For the past several years at various government agencies, there has been a growing gap between the need for Science, Technology, Engineering and Math (STEM) expertise and the availability of this talented group. This dearth of STEM talent is not just a problem existing within the halls of government agencies, a broader shortfall of STEM employees has put pressure on public and private institutions alike.
The Obama administration has enacted numerous policies and allocated funding to STEM-related educational opportunities to encourage more students to pursue these degrees. Research shows that America will need an additional 1 million more STEM graduates by the year 2022 to meet the demand created by our technology-driven economy. While the scarcity of STEM talent affects both sectors alike, the private sector seems to be wining this intellectual tug-of-war.
STEM talent is lured into the private sector for reasons such as higher pay and more readily available innovative opportunities. To solve for this imbalance, the government continually relies on private contractors to meet its needs. Defense contractors designing and building military hardware used in the global theatre and private security firms used during and after the Iraq War to help keep the region safe are examples of the reliance on the private sector, but several risks lie dormant in these arrangements.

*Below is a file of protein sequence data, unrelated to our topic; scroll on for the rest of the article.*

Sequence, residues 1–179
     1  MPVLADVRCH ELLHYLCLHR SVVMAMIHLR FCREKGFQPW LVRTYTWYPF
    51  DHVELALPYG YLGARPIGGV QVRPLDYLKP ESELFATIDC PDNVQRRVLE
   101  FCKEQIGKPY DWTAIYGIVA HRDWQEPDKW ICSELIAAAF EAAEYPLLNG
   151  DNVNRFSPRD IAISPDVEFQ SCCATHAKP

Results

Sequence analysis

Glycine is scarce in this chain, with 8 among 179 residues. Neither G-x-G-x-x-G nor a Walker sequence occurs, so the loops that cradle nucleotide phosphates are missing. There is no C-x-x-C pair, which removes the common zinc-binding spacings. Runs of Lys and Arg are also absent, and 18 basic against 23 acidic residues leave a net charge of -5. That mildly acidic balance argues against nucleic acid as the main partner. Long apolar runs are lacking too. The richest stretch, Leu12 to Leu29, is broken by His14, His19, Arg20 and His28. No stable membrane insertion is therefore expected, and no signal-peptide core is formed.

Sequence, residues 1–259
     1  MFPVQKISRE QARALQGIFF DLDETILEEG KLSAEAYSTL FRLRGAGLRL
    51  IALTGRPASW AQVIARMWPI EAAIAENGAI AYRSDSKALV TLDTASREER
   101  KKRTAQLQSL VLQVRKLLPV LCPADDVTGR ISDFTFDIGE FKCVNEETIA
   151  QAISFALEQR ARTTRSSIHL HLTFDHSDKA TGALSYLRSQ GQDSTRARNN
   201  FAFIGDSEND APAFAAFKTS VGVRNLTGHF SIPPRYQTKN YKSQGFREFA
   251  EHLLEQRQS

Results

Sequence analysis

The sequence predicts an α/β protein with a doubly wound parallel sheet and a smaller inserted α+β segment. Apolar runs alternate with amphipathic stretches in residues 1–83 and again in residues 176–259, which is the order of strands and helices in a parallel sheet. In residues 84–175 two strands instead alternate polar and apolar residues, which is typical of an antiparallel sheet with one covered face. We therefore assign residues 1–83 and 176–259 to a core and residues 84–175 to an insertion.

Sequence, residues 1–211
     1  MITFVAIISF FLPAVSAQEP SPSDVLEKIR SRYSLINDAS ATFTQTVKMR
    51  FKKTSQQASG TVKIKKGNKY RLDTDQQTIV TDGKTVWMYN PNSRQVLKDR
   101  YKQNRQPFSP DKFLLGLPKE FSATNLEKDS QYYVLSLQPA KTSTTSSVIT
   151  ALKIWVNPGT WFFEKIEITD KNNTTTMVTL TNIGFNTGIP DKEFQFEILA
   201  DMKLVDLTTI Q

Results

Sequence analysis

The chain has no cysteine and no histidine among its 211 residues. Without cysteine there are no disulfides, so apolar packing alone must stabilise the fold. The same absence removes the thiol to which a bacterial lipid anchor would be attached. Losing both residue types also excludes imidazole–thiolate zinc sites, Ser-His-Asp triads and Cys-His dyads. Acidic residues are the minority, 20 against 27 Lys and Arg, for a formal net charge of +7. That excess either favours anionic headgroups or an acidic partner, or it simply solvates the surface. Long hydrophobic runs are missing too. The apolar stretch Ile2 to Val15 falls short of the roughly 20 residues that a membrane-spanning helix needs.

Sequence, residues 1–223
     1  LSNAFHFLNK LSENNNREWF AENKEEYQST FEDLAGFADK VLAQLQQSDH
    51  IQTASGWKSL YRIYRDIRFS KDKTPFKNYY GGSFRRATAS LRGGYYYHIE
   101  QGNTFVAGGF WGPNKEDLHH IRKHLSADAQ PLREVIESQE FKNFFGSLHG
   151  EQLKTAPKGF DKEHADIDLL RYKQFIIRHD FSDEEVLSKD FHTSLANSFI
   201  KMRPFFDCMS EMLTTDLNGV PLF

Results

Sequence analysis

Instances of private firms overcharging the government are plentiful; VMware and Carahsoft overcharged the government for technology services in 2015 and certain wireless providers doing the same offer a few sordid examples. We need to look no further than Eric Snowden to see an example of the risks at stake in these partnerships, and the care that must be taken when allowing government contractors to handle classified intelligence. Can some of these contracted technology services be brought in-house at U.S. Government Agencies? Is there a way for the public sector to more effectively compete for STEM Talent so the aforementioned goal can be accomplished?